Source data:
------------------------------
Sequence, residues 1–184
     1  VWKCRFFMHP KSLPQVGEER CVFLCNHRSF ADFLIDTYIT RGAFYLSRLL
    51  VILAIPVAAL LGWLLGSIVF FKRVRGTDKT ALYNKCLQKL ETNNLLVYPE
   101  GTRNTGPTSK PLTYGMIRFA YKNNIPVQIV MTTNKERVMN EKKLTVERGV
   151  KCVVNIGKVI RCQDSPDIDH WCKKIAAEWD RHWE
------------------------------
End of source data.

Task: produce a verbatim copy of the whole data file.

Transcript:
Sequence, residues 1–184
     1  VWKCRFFMHP KSLPQVGEER CVFLCNHRSF ADFLIDTYIT RGAFYLSRLL
    51  VILAIPVAAL LGWLLGSIVF FKRVRGTDKT ALYNKCLQKL ETNNLLVYPE
   101  GTRNTGPTSK PLTYGMIRFA YKNNIPVQIV MTTNKERVMN EKKLTVERGV
   151  KCVVNIGKVI RCQDSPDIDH WCKKIAAEWD RHWE